Stress is a necessary part of our daily life - it is a normal physical response to a change of events that may uplift, threaten or upset us. Without stress we wouldn't feel the need to get out of bed, go to work or school, or even get any jobs done around the house!
Stress comes in two forms - good stress and bad stress.
Good stress is what you may experience at your favourite sporting event or party - where you are excited with adrenalin running. Your stress levels run high until the event is over, but the next day you carry on as normal, and there is no residual tension.
Examples of bad stress may be - moving house or flats; ill health; relationship problems; family issues; bereavement; bullying at school or work; losing a job or even learning a new one!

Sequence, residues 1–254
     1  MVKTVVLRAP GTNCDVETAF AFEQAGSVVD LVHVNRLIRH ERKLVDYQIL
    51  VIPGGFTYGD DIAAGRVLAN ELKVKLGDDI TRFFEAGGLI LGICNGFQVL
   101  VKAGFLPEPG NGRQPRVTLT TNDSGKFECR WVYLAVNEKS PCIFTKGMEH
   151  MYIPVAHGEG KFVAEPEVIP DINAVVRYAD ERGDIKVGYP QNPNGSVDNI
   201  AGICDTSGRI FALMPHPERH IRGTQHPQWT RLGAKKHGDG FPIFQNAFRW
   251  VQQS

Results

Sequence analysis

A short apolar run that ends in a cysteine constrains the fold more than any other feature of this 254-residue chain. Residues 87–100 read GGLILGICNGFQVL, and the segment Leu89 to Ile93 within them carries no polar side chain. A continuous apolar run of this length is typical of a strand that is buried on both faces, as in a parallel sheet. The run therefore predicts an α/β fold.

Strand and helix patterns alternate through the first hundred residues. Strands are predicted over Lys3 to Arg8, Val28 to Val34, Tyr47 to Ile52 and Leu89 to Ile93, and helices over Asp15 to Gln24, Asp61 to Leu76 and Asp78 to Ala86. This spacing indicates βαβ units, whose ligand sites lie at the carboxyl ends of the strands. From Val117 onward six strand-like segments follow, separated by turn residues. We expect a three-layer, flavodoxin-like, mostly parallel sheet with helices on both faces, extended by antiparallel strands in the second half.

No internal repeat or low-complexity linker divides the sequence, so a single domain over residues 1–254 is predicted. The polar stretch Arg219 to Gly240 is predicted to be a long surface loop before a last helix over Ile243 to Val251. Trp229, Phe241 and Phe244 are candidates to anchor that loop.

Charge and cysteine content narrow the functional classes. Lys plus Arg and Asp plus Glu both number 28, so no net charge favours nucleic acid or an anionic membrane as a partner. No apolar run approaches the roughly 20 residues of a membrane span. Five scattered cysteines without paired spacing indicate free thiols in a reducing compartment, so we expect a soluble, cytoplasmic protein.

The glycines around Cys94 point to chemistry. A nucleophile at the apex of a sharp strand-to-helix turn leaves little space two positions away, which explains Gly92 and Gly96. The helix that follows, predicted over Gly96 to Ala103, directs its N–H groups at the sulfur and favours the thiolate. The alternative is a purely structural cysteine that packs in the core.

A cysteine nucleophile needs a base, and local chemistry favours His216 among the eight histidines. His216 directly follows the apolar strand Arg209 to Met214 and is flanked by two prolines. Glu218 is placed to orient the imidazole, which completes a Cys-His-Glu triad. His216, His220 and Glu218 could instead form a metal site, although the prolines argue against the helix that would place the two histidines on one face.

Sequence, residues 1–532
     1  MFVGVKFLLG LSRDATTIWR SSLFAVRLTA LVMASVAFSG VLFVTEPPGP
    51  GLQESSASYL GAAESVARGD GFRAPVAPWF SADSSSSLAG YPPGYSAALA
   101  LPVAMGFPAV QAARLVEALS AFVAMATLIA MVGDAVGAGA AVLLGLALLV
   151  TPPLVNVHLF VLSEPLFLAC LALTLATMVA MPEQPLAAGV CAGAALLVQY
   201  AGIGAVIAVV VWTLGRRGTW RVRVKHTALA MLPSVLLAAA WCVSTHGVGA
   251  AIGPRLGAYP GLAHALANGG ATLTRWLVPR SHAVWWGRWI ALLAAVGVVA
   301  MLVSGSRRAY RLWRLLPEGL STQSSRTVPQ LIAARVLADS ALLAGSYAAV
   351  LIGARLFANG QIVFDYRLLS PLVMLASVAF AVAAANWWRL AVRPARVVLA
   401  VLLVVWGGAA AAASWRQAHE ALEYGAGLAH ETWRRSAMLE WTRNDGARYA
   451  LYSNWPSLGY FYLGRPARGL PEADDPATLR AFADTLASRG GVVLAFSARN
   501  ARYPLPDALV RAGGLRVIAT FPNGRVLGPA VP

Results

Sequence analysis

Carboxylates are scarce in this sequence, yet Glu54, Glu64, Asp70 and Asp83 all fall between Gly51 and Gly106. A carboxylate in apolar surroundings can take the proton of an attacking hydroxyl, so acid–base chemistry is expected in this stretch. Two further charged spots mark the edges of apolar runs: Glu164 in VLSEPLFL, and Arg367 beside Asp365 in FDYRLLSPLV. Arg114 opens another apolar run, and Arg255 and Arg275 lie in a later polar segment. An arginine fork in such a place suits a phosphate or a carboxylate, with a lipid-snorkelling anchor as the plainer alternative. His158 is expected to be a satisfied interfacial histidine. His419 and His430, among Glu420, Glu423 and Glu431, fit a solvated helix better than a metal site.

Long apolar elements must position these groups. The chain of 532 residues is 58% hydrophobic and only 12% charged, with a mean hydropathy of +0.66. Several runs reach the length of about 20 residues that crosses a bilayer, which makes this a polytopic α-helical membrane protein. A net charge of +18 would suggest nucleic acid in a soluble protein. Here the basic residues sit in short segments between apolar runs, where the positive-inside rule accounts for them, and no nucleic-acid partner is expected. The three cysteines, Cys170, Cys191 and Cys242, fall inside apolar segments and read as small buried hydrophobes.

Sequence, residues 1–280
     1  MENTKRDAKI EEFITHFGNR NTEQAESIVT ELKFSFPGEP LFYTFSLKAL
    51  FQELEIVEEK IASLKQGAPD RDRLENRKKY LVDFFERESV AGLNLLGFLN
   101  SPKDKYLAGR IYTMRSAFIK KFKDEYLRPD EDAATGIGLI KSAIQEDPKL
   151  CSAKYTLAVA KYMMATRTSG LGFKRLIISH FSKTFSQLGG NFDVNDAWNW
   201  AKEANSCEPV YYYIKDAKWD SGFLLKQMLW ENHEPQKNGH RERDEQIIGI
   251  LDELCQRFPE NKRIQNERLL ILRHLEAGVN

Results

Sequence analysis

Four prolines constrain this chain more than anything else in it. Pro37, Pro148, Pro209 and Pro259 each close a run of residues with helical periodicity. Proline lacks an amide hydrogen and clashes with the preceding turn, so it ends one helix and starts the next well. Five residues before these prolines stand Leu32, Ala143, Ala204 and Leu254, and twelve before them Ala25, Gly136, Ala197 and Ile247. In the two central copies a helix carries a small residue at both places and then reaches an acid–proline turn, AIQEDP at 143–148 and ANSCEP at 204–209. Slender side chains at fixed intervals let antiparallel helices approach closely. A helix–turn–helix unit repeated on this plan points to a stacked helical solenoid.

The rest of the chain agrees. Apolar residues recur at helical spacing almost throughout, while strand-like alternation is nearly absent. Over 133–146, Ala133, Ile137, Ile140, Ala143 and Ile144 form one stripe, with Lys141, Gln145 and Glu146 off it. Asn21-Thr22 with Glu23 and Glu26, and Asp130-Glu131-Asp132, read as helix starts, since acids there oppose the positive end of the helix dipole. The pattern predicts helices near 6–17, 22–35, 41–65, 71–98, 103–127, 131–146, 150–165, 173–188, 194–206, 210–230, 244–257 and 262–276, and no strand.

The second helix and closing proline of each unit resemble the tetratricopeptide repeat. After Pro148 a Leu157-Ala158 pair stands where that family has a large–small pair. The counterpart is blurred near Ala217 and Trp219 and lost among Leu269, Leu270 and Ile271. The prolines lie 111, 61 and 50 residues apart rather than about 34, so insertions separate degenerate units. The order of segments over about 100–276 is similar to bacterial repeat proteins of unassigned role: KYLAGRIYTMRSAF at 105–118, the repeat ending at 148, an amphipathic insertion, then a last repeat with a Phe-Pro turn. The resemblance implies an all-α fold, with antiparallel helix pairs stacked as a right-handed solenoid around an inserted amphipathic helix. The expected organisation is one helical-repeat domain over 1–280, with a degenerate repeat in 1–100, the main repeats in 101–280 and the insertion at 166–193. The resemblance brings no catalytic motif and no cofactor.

These events may eventually pass, but they leave residual tension in our mind - and in our body. Residual tension in the mind affects the thinking processes - often resulting in foggy and illogical thinking, negative thoughts, inability to make decisions and lack of concentration.
Residual tension in the body can manifest in a breakdown of bodily functions, such as the digestive system, nervous system, immune system, bowel function and much more.